Wool’s future far from woolly:
Farmers are counting down the days to when major shareholdings in New Zealand Wool Services International (NZWSI) will be on-sold by the receivers.
“In a green-aware age, bales of wool should be flying out of our woolsheds. As they are not, is why management consultants could describe the wool industry as a ‘problem child’,” says Jeanette Maxwell, Federated Farmers Meat & Fibre chairperson. . .
Well-known Wanganui farmer Alistair Polson has been elected chairperson of the New Zealand Farm Environment Trust.
He takes over from North Waikato farmer Jim Cotman who has stepped down after six years in the role.
Mr Polson’s extensive experience in farming politics and business management includes serving as national president of Federated Farmers from 1999 to 2002.
Since 2004 he has been Special Agricultural Trade Envoy for New Zealand. He is a former director or committee member of a number of rural-based organisations, including AgITO, the National Animal Welfare Advisory Committee, Veterinary Council of New Zealand and NZ Landcare Trust. . .
Deep in the current – Bruce Munro:
Graeme Martin has been described as everything from a compassionate, principled, visionary genius to an inflexible, stubborn, demanding taskmaster. Bruce Munro examines pieces of the puzzle that make up the influential, complex and soon to retire chief executive of the Otago Regional Council.
“I shan’t forget a very large fist waved very close to my face” Graeme Martin says.
He is sitting in a comfortable chair in a corner office with city, harbour and peninsula views.
Three hundred and sixty kilometres and 45 years separate him from what happened that day in the Addington railway workshops.
But there is no denying the edge to his voice.
“A fist waved in my face because I was working too hard.” . . .
The staff lunchroom might not seem an obvious stop on a tour of a picturesque winery. But Villa Maria’s is immaculate – largely due to the writing on its wall.
One side of the lunchroom at the company’s winery in Mangere, Auckland, is dominated by information about its lean manufacturing programme, Achieving Continuous Excellence (ACE), running in the company for the past two years. It’s brought efficiencies to the business, but benefits in the physical environment are also obvious. Nothing – not even in the caf – is out of place.
It’s a point of pride for founder Sir George Fistonich, but also gives an insight into how the company, which celebrates its 50th vintage this year, has continued to grow in a tough industry. . .
Soil biology is key to saving saving fertility – Peter Watson:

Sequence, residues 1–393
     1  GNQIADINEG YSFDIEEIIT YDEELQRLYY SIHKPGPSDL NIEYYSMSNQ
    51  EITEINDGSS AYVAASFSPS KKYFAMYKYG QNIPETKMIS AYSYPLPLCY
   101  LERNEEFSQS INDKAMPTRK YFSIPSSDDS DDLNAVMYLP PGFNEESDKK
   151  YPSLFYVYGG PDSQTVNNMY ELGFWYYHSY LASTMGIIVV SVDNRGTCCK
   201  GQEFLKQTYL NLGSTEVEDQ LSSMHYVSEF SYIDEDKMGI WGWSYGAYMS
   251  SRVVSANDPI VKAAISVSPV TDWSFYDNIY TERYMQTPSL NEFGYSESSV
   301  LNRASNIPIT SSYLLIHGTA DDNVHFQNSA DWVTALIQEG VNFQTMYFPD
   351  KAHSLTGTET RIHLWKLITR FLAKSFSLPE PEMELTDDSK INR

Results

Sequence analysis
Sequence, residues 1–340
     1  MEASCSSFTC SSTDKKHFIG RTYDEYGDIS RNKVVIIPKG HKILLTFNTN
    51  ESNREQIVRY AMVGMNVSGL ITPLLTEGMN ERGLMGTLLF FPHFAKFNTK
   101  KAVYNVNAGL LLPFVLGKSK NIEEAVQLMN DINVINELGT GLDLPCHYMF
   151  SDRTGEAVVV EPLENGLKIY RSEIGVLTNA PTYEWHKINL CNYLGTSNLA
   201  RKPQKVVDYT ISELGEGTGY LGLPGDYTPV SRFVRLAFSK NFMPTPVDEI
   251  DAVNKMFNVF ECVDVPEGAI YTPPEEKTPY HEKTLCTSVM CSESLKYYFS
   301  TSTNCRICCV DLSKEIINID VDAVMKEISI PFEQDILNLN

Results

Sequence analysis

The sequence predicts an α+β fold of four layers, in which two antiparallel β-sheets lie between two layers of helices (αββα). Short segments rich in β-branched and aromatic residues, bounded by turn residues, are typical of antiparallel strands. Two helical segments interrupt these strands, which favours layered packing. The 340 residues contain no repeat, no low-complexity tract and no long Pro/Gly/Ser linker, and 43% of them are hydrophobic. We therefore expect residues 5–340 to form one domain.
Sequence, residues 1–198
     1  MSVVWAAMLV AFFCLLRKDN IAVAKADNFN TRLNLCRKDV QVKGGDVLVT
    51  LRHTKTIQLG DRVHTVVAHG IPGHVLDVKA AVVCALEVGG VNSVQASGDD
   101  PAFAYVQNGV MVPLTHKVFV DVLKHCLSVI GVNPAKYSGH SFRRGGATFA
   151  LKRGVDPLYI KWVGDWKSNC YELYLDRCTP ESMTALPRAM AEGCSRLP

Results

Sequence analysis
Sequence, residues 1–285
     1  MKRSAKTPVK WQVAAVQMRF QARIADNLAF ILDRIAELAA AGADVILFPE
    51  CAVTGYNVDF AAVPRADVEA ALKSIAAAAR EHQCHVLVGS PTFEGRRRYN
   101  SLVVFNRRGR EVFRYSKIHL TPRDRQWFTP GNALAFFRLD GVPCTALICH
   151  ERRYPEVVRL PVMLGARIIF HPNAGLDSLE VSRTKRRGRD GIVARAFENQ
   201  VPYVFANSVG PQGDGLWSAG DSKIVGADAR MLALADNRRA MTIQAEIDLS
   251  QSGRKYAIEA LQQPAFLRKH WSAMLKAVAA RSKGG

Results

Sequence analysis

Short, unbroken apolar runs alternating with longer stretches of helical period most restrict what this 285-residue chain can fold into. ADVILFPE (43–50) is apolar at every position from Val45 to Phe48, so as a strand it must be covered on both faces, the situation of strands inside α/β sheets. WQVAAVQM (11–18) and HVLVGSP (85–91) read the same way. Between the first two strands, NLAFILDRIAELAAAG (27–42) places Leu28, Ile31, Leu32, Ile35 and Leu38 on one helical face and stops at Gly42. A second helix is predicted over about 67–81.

Complacency is costing us some of our best soils, says ecologist and educator Nicole Masters.
New Zealand is losing 11 tonnes of topsoil per hectare a year, more than 10 times the global average, she said during a recent Beef + Lamb New Zealand field day held at Claire Parkes and Simon Vincent’s farm near Wakefield, and attended by about 35 farmers.
“We live in one of the most blessed soil environments in the world.
“We are fertile, we have good carbon and beautiful rainfall, but we are losing all this topsoil and it’s not sustainable.” . .
Convert to sustainability – Tim Cronshaw:
A farmer with nearly 9000 deer who once never put much thought into improving the environment on his farm, has become a fully converted believer.
Graham Carr estimates he has spent hundreds of thousands of dollars during the past four years fencing off waterways and putting in settling ponds, so the water coming off his farm at Peel Forest Estate in South Canterbury is crystal clear.
Carr has built up one of the largest deer herds in the country, since emigrating to New Zealand 25 years ago from Britain, where he came from a joinery background. . .
A2 Corp, which markets milk products with a protein variant claimed to have health benefits, wants to directly enter the New Zealand market and is looking to expand into North America and some European nations having wrapped up a strategic review to speed up growth.
The alternative-market listed company will shift its focus to a number of opportunities in a bid to ramp up growth, including directly marketing into New Zealand, it said in a statement. A2 plans to expand rapidly include entering markets in North America, German, France Italy and Spain via joint ventures, using local contract manufacturers or investing in regional processing, it said. . .